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Pregnancy in women with renal disease. Yes or no?

Hippokratia 2011; 15 (Suppl 1): 8-12

K. Edipidis

Abstract

Women with renal disease who conceive and continue pregnancy, are at significant risk for adverse maternal and fetal outcomes. Although advances in antenatal and neonatal care continue to improve these outcomes, the risks remain proportionate to the degree of underlying renal dysfunction. The aim of this article, is to examine the impact of varying degrees of renal insufficiency on pregnancy outcome, in women with chronic renal disease and to provide if possible, useful conclusions whether and when, a woman with Chronic Kidney Disease (CKD), should decide to get pregnant. This article, reviews briefly the normal physiological changes of renal function during pregnancy, and make an attempt to clarify the nature and severity of the risks, in the settings of chronic renal insufficiency and end stage renal disease, including dialysis patients and transplant recipients.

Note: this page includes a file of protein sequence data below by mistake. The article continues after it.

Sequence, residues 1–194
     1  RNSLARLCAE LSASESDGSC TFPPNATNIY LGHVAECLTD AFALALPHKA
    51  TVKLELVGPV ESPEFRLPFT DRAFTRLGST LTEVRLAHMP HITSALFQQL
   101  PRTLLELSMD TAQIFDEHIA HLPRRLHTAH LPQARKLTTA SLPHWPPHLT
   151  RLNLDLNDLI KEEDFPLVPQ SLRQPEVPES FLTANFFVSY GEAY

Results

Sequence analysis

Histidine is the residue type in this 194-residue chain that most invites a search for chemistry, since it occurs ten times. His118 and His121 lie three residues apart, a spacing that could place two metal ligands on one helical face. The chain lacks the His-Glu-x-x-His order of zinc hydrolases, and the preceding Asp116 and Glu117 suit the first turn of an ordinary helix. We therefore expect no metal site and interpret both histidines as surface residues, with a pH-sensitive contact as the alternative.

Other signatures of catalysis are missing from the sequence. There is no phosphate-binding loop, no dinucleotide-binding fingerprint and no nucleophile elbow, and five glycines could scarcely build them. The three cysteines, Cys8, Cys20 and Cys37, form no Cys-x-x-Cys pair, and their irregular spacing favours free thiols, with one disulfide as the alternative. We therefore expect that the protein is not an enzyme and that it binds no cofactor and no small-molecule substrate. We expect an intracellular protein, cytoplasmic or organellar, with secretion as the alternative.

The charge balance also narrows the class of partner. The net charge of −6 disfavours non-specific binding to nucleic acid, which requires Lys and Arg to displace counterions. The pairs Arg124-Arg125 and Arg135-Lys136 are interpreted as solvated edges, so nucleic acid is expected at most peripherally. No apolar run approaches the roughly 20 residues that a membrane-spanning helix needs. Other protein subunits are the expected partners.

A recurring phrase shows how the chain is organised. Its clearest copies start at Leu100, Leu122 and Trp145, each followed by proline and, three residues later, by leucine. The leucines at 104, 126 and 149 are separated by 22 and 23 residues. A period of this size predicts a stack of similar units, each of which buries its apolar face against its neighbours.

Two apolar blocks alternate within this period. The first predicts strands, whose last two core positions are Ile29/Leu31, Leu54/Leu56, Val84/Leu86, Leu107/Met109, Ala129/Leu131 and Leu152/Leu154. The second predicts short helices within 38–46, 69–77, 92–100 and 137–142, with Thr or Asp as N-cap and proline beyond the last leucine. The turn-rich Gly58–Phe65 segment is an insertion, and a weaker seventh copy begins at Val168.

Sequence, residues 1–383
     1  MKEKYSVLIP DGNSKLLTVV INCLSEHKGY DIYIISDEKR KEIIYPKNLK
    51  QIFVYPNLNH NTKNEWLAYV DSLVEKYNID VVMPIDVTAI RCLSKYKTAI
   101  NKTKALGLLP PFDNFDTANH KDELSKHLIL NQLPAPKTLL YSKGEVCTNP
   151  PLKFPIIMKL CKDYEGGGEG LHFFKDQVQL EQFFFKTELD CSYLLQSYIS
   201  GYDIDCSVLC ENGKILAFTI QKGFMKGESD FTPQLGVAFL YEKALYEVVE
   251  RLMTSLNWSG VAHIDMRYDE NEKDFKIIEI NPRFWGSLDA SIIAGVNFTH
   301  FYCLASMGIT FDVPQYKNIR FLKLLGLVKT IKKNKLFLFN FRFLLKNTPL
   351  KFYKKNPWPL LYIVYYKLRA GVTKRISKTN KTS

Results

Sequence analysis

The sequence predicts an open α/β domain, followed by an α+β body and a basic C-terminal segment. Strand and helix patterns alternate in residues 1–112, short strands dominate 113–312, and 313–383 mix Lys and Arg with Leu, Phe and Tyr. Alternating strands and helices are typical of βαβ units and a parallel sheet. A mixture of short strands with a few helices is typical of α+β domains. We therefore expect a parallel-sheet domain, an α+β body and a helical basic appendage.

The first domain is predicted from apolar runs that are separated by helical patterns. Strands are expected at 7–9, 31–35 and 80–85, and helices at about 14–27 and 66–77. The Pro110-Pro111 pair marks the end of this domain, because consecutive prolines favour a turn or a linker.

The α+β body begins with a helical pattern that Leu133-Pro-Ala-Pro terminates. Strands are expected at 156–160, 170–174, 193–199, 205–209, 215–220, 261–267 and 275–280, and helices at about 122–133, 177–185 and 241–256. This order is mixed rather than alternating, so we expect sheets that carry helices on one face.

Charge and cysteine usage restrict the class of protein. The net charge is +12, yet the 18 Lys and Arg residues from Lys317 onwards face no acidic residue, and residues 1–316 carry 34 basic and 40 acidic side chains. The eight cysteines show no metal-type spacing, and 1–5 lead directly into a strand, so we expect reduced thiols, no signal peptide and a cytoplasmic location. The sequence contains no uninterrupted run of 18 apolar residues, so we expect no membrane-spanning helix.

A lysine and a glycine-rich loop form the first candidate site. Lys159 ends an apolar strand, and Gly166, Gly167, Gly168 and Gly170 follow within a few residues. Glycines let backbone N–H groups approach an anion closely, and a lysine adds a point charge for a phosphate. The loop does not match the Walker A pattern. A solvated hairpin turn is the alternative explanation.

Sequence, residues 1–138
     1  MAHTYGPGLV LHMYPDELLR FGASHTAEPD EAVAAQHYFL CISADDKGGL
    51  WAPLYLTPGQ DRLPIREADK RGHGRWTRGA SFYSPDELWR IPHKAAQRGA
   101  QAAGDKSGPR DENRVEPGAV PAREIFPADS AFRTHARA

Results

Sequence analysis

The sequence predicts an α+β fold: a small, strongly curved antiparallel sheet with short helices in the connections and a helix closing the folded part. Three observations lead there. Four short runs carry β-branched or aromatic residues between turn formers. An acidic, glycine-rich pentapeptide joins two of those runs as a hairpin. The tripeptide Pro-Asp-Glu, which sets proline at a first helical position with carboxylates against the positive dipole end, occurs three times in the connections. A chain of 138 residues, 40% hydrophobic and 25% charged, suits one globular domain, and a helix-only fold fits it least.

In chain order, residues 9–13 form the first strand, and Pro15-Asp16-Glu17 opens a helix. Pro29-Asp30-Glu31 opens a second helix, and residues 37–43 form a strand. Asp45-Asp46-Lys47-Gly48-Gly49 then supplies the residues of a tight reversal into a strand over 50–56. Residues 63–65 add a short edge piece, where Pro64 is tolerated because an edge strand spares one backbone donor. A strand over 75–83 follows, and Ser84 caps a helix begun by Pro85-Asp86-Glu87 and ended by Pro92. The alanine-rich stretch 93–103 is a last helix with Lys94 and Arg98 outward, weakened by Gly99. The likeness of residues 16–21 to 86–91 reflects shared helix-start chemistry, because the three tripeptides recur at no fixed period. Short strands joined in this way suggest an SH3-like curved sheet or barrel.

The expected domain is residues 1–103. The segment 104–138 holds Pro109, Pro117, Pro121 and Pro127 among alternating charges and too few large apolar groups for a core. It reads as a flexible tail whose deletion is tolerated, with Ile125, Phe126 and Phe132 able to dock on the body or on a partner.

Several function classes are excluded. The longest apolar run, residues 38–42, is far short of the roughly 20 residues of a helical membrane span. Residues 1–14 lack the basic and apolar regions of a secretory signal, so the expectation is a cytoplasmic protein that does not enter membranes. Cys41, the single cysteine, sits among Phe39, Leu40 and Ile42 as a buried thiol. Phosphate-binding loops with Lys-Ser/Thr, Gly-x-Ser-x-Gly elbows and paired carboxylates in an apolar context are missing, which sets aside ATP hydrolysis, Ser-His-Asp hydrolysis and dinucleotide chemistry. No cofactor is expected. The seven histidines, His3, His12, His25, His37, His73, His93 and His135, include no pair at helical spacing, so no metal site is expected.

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Is the underutilization of peritoneal dialysis in relation to hemodialysis, as renal replacement therapy, justifiable worldwide? Yes or No

Hippokratia 2011; 15 (Suppl 1): 13-15

E. Grapsa

Abstract

Peritoneal dialysis is the most important home dialysis treatment for end stage renal diseases and needs personal involvement, and support from the family . Peritoneal dialysis presented a number of discouraging technical problems and led to the belief that PD was not an appropriate renal replacement therapy, for patients with end stage renal disease. Despite the improvement of the method its rate remain low (11%) worldwide. The factors affecting the choice of PD are multiple and explain the disparity in the use of peritoneal dialysis in different countries and different parts of the same country. Dialysis costs and reimbursement structures are significant in decisions about the rates and modalities of renal replacement therapy. Late referral and the health care system seems to be very important factors that influence the dialysis modality choice. After the initiation of peritoneal dialysis we can see other factors that influence the survival of the method. The rate of peritonitis and the peritoneum function seems to be important issues.

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The effect of the expenditure increase in the morbidity and the mortality of patients with end stage renal disease: the USA case